Good bridges are dynamic as they connect two sides of a river and are intended for movement, but this Garden Bridge is conceived as a sort of park for people to linger in. The least satisfactory part of the design is that it fails properly to engage with either bank of the Thames; it is suspended in the air at each end, with stairs and a lift shaft for access coming down on top of Temple underground station on the north side and on top of a new building on the southern embankment.
This very expensive but not very elegant bridge, described by its promoter Joanna Lumley as being ‘like a tiara on the head of our fabulous city’, is really no more than a tourist attraction. Yet £60 million of public money has already been promised towards it at a time of cuts and austerity. Perhaps this is because the idea came from a glamorous actress and is supported by a flamboyant and ambitious Mayor of London, while Thomas Heatherwick has a deserved reputation as an imaginative designer (his new London double-decker bus is terrific).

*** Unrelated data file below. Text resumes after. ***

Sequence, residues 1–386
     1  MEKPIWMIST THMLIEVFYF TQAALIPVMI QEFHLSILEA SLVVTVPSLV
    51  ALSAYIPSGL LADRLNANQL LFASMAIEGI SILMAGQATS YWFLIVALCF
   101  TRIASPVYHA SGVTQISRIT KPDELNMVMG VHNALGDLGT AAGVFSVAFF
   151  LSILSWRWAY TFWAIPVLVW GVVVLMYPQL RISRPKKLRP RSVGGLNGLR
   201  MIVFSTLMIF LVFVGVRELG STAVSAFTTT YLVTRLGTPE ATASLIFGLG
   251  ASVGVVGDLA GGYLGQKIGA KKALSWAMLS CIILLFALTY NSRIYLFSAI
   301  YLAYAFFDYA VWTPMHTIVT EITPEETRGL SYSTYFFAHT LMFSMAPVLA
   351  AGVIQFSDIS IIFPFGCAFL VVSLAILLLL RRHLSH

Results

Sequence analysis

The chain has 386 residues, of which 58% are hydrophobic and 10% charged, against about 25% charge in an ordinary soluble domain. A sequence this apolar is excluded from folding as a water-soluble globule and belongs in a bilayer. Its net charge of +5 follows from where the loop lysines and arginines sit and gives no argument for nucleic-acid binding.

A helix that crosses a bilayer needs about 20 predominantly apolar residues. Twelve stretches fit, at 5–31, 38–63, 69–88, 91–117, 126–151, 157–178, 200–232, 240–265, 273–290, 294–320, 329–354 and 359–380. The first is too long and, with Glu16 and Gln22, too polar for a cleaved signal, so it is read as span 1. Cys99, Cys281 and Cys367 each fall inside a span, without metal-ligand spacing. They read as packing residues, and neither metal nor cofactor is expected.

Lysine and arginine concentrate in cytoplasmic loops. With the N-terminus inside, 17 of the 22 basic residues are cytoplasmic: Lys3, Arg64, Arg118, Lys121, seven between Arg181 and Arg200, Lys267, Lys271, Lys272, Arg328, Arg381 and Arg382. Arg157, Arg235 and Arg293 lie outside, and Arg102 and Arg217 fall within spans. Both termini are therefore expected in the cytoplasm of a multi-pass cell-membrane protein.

But this money would surely be better spent on a new bridge that is actually needed in London, such as the proposed pedestrian crossing from Nine Elms to Pimlico between Vauxhall and Chelsea Bridges, for which a competition has recently been announced by Wandsworth Council. Furthermore, Westminster planners considered that ‘there can be little doubt that the garden bridge will cause significant harm to established views of importance’, namely those of St Paul’s Cathedral, especially as trees are intended to rise from the wider areas over the piers (surely improbably in windswept mid-river). Westminster also insists that the bridge remains free, although it may be closed at times for private functions to generate income towards the estimated annual £3.5 million maintenance cost. And if the Garden Bridge Trust should fail, maintenance will become the responsibility of Transport for London, i.e. the taxpayer. The precedents are not auspicious: the tolls on old Waterloo Bridge never generated enough to recoup the huge building costs and in 1877 the Metropolitan Board of Works bought the bridge to open it free of toll.
Khaju Bridge in Isfahan, Iran, constructed in c. 1650 for Shah Abbas II. Photo: the author, 1974